We use our own social media platform for a variety of purposes. Everything you upload, post, comment, and share paints a picture of you as a person. Your Facebook, Twitter, and Instagram showcase your beliefs, your opinions, and your interests. It’s what makes engaging with those platforms so alluring. And while candidness and transparency online make the Internet an objectively more entertaining place, it can be hard to know who out there is really looking in on the things that you post on social media.
The reality is that your digital footprint can be one of the first things recruiters and managers look at when considering potential candidates for a job. The Society for Human Resource Management (SHRM) found that of the 80% of employers who use social media as part of the recruitment process, 43% of them use social media to screen applicants, and 36% of them claim to have disqualified candidates after seeing a specific picture or post.
Let’s face it, we’re sharing and posting like never before, so it’s important to ensure that the image you’re projecting on Facebook, Twitter, Instagram, and LinkedIn, won’t get you in trouble. With that in mind, here are three tips that can help prevent that from happening:
Ditch the Profanity
Cursing or using words or phrases laden with profanity can quickly sour your chances with a prospective job opportunity. More than anything, it shows employers that perhaps you don’t have the best judgment, which has significant implications in a professional environment. It’s certainly tempting to spice up a caption or post or share a tweet in reaction to something online that made you upset or angry, but in both cases try and resist. You never know when something shared in the heat of the moment and quickly forgotten might surface and bite you in the future.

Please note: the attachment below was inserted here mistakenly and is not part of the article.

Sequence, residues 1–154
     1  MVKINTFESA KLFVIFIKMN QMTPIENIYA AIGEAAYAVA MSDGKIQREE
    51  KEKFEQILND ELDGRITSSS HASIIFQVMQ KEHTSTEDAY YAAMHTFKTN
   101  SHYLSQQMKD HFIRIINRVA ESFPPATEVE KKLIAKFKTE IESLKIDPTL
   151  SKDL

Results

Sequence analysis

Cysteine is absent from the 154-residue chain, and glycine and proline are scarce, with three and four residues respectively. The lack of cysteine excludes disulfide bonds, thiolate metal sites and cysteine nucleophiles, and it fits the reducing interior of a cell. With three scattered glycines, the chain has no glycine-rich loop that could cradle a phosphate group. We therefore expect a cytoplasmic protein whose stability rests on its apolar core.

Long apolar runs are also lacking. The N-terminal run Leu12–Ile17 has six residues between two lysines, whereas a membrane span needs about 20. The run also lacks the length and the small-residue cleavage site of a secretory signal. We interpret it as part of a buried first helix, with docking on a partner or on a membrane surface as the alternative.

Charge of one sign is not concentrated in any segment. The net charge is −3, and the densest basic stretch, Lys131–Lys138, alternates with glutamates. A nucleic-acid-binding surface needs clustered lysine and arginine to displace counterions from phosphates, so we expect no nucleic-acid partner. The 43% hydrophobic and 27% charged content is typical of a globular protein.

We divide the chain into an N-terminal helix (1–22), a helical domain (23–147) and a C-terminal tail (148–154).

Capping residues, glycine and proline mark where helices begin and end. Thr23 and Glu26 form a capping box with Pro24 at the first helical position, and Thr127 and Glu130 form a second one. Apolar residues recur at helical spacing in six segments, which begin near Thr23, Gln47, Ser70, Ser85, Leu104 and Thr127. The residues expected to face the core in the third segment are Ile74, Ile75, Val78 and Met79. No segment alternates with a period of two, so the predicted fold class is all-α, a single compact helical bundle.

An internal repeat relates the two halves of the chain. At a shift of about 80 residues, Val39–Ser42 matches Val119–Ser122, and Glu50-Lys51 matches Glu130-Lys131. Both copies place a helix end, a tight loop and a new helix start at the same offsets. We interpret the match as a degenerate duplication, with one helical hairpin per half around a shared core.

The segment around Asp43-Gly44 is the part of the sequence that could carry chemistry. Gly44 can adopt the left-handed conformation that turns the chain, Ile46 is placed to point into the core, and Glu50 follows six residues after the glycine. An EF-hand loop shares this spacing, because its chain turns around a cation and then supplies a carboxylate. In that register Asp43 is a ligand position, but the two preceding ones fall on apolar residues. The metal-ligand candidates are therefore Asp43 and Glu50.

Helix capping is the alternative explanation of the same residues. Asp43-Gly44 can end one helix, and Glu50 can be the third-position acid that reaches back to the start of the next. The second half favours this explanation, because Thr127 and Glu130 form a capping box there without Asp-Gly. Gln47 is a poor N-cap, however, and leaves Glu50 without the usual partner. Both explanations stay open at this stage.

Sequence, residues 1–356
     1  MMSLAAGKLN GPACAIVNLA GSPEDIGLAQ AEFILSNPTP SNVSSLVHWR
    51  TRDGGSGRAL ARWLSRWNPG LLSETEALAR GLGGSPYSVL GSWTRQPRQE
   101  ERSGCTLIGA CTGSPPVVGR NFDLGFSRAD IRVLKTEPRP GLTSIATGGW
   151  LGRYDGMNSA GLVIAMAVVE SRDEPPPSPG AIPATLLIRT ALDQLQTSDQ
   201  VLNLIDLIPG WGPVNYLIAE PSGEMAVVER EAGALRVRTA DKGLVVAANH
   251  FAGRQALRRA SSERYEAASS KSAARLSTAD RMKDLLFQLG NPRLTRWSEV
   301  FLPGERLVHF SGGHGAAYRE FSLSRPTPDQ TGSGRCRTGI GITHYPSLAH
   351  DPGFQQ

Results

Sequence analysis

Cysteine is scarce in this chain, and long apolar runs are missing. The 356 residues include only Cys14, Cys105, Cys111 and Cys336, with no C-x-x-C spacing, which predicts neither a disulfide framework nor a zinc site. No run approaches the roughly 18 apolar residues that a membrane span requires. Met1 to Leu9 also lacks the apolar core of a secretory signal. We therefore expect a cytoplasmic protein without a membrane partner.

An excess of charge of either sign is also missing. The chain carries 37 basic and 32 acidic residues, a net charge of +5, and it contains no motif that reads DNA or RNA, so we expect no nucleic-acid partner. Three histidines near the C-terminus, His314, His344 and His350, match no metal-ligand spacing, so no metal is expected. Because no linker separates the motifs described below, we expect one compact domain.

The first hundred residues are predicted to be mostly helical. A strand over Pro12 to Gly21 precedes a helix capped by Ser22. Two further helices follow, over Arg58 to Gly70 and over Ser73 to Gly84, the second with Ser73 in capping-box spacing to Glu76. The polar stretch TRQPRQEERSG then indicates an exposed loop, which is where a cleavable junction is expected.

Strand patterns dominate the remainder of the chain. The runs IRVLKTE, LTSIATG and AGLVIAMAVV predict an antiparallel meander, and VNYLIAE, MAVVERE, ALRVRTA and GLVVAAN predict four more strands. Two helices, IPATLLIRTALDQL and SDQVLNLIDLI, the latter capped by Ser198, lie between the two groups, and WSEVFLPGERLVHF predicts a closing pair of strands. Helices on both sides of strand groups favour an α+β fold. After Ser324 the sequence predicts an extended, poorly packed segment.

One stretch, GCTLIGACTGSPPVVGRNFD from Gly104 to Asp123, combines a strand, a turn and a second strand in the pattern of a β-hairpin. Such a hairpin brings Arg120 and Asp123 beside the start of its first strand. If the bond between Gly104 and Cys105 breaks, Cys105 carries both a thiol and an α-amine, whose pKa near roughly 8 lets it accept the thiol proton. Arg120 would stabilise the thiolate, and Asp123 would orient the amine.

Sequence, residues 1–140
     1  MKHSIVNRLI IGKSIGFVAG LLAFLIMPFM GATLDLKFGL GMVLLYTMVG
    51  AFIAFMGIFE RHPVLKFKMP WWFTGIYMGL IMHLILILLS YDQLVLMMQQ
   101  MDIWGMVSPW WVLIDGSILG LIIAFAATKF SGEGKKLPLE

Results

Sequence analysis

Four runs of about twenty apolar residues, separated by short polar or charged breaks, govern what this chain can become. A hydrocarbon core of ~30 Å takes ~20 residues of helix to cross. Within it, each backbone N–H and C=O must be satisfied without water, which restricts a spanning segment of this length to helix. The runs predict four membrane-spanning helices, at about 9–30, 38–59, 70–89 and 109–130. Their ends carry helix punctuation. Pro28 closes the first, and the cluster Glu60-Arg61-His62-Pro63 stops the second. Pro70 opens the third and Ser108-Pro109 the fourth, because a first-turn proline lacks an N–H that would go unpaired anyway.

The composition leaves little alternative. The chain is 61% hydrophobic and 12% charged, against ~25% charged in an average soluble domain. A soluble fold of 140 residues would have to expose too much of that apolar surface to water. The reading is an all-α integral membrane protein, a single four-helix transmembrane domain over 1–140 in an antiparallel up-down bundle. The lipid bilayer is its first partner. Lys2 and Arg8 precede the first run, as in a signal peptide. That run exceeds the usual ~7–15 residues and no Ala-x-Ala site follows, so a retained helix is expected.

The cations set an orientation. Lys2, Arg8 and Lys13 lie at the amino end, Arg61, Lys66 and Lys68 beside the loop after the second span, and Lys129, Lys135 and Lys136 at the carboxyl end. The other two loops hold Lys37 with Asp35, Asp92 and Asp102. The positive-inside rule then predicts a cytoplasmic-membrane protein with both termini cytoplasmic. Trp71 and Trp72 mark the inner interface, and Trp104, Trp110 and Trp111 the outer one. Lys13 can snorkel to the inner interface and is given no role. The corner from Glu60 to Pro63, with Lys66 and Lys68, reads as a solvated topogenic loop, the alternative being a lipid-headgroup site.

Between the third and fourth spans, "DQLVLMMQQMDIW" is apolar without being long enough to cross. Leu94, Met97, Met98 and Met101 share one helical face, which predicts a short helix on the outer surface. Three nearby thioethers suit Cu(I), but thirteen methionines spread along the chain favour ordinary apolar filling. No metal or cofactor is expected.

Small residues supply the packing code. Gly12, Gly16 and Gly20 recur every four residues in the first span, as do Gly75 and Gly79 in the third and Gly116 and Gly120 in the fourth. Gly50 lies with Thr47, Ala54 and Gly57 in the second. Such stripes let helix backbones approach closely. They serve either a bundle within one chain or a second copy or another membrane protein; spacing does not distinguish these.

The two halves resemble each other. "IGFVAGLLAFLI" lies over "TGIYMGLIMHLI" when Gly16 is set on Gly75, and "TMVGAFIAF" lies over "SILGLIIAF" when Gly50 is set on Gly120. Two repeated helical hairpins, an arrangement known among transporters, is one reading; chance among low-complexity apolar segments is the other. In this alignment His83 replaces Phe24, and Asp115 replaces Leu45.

Cut Down on Complaints
Social media often functions as a sounding board for our opinions. But oversharing the negative ones is where it can become a problem. Having an overly negative persona online doesn’t bode well with higher-ups and recruiters, especially when those complaints are consistently about your current job. Persistent complaining leads many to assume that you’re more likely to repeat that behavior at a different job. Besides putting yourself at risk of not seeming like a team player can generate an unnecessary tension between you, your coworkers, and your managers.
Keep the Politics to a Minimum
Here, knowing your audience is key. Weighing in on every social and political issue that appears on Facebook and Twitter makes it relatively easy for potential employers to see how you conduct yourself online and where you stand on a variety of topics. While it’s important to represent causes you’re passionate about, just keep in mind that your posts live forever and are always liable to come back around when you least expect it.
In short, remember that the things you post and upload influences the way that you will be viewed by others. The next time you post, envision the way it might look in a vacuum, without context, and how it may be perceived by an employer, or, perhaps, a friend, or a family member. It doesn’t have to restrict you from being your honest self, but it never hurts to exercise a degree of self-restraint.